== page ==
When considering the investment your business makes in enabling employees to get work done on a mobile phone, it’s important to look beyond the purchase price of the device. Monthly cellular service plans, IT and administrative overheads, life cycle management expenses and software licensing costs must all be factored into your total cost calculation. For organizations adopting a Bring Your Own Device (BYOD) policy, mobile stipends paid to employees also become a significant part of the cost calculation.
How much does mobile cost per employee?
According to the 2022 Maximizing Mobile Value study, developed in partnership with Oxford Economics, the total cost of mobile enablement for a 250-employee organization is $1,234 per employee annually, inclusive of device acquisition, connectivity costs, management overheads and software. For larger enterprises, volume pricing and economies of scale help to reduce total costs. For example, a 10,000-employee organization could expect to spend an average of $800 per employee annually. Even larger organizations may see further gains in cost efficiency.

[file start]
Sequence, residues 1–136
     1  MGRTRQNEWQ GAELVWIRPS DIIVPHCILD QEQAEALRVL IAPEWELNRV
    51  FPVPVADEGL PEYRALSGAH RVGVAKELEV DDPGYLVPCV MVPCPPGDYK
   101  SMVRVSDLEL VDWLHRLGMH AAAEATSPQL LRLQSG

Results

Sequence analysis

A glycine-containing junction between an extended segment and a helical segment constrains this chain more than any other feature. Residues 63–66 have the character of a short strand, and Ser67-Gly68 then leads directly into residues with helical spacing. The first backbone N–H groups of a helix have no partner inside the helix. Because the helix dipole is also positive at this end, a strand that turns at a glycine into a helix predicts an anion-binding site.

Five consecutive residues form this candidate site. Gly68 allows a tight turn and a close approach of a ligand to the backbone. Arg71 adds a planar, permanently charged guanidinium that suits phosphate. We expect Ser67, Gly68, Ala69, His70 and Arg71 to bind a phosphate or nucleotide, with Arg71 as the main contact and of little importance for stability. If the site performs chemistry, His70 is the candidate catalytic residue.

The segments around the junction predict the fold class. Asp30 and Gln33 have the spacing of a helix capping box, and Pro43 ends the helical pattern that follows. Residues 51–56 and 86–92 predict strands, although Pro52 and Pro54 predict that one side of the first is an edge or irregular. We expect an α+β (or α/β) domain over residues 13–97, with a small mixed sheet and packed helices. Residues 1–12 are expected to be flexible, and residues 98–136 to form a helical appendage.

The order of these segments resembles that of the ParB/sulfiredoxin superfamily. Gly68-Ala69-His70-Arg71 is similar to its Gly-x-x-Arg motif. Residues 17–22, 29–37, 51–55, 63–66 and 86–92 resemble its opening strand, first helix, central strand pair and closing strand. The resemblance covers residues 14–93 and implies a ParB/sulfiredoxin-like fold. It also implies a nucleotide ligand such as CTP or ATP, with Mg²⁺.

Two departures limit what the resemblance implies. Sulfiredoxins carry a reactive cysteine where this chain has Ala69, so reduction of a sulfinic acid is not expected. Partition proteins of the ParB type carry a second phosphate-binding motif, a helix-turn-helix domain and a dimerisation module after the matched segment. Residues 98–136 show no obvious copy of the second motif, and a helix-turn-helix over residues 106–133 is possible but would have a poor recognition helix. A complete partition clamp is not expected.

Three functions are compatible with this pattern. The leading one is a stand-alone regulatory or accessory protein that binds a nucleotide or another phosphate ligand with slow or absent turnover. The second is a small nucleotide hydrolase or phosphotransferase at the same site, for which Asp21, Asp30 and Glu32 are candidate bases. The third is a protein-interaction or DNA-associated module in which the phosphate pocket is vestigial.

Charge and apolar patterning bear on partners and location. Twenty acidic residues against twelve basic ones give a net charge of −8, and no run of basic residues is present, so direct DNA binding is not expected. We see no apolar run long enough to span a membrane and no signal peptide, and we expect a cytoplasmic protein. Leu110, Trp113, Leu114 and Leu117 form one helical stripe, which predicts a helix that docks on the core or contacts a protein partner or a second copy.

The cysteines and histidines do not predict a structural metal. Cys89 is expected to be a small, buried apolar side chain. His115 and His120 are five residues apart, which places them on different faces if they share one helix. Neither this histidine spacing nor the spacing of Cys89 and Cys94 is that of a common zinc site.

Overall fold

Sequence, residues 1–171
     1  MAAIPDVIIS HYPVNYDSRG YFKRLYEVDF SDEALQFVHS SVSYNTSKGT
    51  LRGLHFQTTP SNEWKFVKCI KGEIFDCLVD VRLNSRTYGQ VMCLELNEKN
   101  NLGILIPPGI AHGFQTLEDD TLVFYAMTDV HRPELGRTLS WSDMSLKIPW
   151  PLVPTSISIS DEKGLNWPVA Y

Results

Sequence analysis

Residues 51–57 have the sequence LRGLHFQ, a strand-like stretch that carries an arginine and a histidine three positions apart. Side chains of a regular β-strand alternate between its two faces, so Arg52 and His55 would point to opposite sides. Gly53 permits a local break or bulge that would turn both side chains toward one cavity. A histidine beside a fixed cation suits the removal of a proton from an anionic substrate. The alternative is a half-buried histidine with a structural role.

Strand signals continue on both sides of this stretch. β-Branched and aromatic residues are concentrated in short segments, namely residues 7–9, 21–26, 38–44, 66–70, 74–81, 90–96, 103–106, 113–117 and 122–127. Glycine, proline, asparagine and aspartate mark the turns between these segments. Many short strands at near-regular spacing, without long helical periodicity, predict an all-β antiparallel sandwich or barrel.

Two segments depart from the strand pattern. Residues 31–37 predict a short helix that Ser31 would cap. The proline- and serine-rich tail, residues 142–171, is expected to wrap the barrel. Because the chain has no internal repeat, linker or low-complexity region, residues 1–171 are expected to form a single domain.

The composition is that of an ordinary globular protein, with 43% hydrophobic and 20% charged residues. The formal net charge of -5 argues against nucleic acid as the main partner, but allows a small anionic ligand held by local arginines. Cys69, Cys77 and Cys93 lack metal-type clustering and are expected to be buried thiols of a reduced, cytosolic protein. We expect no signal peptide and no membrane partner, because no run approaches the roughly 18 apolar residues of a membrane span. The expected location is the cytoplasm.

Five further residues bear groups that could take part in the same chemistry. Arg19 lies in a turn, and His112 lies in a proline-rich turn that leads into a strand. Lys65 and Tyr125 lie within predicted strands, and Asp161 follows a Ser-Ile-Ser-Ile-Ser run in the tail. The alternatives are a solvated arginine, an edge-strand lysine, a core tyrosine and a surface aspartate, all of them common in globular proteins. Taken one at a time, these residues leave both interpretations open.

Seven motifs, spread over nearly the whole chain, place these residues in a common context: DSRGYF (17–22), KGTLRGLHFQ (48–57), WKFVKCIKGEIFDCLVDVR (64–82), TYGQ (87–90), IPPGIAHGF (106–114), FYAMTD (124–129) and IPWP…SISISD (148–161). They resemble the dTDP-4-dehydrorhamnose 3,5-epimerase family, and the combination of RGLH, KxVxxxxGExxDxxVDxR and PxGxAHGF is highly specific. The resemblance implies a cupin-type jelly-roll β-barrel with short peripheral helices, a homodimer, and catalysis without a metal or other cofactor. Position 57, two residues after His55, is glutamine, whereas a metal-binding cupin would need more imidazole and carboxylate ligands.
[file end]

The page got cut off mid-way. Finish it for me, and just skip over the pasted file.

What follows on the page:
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For a detailed analysis of your total investment in mobile phones, connectivity and management, use our mobility cost calculator to compare your expenditure with that of similarly sized organizations in your industry.
What do most businesses spend on phones?
The purchase price of the mobile phone itself is highly dependent on the model of device chosen, as well as the level of subsidy provided by the carrier as part of your mobile service plan. Businesses purchasing devices in bulk can also receive volume discounts.
According to the Maximizing Mobile Value study, the average amount spent on mobile phones per employee was $652. Some organizations may pay substantially less than this if they’re purchasing entry-level devices and receiving a subsidy from their carrier as part of the two-year mobile service plan. On the other hand, a premium device purchased unlocked and without a contract would cost more. Because of the prevalence of subsidies in the U.S. market, it’s important to look at device acquisition costs and monthly cellular connectivity costs together.